Finding Out What It Takes to be a Young Lion

It was not all glitz and glamour for a group of WKWSCI students at the Cannes Lions International Festival of Creativity this year.

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In June this year, 10 students from the Wee Kim Wee School of Communication and Information got to hobnob with the world’s top creative talents at the Cannes Lions International Festival of Creativity – all part of a module designed to stretch students’ creative capabilities and expose them to world-class ideas.

Held in the French seaside city of Cannes, the annual festival is a star-studded event that sees the world’s best creative teams, known as Young Lions, compete across different categories such as design, film and public relations. The competition is fierce as every Young Lion team had come out tops in the preliminary rounds held in their country.

The eight-day event was also lined with talks and networking events helmed by industry leaders.

“This is where the best talent meet and share the most creative work,” said WKWSCI lecturer Wong Pei Wen, the module coordinator. “It’s a festival where you learn and get really inspired, and see the (latest) trends in technology, innovation as well as advertising and public relations.”

“This is a festival where the best talent meet and share the most creative work.”


YouTube celebrity and actress Lilly Singh, actor David Schwimmer and representatives from Google and Facebook were some notable names at the festival.

But it was not all red carpet events and beach parties for the students who attended the festival this year. As a team, the students had 24 hours to work on the same creative brief that the Young Lions were given.

This was to simulate the exact competition experience and challenge the students further, said Wong. Last year’s batch of students had 48 hours to complete the brief.

Wong added that the briefs are often based on “real-world problems where creative solutions are needed.” This year, the teams were tasked to develop a job recruitment campaign for the less-abled.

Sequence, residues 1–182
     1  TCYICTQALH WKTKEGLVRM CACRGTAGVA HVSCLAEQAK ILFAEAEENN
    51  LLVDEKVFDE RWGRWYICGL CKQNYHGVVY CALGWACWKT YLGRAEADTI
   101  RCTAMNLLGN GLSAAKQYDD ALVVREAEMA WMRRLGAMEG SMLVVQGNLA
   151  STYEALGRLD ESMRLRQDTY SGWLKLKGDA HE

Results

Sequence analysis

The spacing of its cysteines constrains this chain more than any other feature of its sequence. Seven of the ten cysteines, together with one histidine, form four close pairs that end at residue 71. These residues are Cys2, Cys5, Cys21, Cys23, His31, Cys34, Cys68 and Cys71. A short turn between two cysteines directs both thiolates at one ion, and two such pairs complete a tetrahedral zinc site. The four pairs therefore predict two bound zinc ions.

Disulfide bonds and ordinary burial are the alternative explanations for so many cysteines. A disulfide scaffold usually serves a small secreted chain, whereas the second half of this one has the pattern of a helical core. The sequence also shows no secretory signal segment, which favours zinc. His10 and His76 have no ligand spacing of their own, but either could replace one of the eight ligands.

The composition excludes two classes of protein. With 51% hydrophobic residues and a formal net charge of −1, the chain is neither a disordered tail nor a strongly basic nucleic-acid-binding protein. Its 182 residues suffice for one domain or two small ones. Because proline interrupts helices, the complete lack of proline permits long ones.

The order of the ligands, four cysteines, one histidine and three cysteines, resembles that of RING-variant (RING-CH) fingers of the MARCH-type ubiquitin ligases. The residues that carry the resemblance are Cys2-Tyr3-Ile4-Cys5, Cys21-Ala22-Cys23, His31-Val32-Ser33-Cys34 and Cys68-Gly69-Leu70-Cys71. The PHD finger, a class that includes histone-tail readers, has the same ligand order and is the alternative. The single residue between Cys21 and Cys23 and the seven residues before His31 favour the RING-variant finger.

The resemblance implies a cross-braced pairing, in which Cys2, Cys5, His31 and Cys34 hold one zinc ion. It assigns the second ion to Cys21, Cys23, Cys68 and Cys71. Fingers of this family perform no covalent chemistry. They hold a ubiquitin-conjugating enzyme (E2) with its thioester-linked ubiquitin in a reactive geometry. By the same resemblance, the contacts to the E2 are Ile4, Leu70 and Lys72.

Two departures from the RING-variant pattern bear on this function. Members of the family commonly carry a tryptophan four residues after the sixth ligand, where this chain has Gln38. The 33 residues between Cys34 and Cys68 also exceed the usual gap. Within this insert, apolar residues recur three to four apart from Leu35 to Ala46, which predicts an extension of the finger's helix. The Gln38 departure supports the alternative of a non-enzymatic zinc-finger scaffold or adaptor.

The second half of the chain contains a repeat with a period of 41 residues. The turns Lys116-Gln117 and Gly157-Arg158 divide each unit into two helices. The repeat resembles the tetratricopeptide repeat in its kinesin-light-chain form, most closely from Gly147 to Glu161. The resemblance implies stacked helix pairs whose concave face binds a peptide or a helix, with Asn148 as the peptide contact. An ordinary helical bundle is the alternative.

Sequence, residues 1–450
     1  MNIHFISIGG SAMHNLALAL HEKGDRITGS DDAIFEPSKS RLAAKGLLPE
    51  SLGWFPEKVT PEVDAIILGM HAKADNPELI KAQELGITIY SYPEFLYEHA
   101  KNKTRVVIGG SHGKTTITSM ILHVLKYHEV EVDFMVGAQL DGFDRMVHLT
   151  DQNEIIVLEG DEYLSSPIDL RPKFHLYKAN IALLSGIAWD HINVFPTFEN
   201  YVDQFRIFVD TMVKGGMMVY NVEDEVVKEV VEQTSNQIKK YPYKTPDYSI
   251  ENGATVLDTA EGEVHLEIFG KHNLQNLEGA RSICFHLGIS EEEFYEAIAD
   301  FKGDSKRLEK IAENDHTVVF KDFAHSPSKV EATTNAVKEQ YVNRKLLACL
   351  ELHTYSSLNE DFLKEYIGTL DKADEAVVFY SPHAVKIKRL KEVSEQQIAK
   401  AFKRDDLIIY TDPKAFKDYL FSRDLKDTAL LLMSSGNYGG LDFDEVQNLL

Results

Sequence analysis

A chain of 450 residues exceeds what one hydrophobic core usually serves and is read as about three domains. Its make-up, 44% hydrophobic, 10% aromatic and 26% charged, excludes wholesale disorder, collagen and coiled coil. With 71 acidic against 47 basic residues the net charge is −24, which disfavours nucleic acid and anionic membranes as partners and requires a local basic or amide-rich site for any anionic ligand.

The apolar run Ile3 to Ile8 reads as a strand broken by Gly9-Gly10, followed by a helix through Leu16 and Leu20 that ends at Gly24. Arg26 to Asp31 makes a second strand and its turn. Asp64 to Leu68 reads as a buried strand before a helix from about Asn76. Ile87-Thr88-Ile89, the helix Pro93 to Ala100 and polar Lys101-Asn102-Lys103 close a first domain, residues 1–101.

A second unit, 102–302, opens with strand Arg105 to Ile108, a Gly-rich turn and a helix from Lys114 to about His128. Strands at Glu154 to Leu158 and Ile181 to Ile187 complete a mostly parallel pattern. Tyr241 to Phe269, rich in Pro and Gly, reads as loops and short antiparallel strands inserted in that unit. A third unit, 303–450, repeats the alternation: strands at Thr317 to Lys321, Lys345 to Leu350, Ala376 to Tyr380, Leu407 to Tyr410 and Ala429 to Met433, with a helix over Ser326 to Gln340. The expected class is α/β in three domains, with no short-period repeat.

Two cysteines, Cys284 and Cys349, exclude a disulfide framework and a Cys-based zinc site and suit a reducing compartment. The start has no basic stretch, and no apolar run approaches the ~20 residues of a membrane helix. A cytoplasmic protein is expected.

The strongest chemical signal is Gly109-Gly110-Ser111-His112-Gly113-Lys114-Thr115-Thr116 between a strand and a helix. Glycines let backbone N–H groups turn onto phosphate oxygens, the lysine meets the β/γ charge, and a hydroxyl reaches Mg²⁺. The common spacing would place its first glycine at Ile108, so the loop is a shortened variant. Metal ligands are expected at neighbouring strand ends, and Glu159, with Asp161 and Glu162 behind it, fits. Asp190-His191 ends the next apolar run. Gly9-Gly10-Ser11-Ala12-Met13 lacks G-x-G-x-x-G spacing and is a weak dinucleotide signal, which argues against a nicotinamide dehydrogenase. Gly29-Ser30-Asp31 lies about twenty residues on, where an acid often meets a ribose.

“It wasn’t easy. It was very stressful trying to execute the brief, especially with the tight deadline and all the pressure,” said Muhammad Syafiq (CS’19). “But (the experience) ended up teaching me how to remain calm and give my hundred percent, even under pressure.”

The students’ work were subsequently reviewed by several industry professionals at the festival, including TBWA President Asia Tuomas Peltoniemi and Singapore director Ara Hampartsoumian. The students also had the chance to pitch informally to festival judges such as executive creative director Daniel Kee from MullenLowe.

Nicolette Koh (CS’19) appreciated the judging sessions as she could gain fresh insights from their critique. A piece of advice she took home was to “remain immersed in learning and take cues from both old and new ideas.”

The students also got to hear from some of the world’s leading creatives at the festival’s line up of talks. Apple’s Senior Vice President of retail Angela Ahrendts and YouTube CEO Susan Wojcicki were some of the distinguished speakers at the event.

“It was a special experience to see and listen to people you usually see on the news,” said Syafiq. “It was an eye-opening experience for me.”

His coursemate Xu Qi Yang (CS’19) shared similar sentiments.

“It was a privilege to talk to people from so many different backgrounds. It was the little connections I had with people that made it (the festival) fruitful and memorable,” said Xu.

There are plans to give future students more opportunities to apply what they learn from the festival to their everyday work, said Wong.

“We will continue the spirit of partnership with the industry and help students build a strong portfolio that demonstrates their understanding of technology and creative trends.”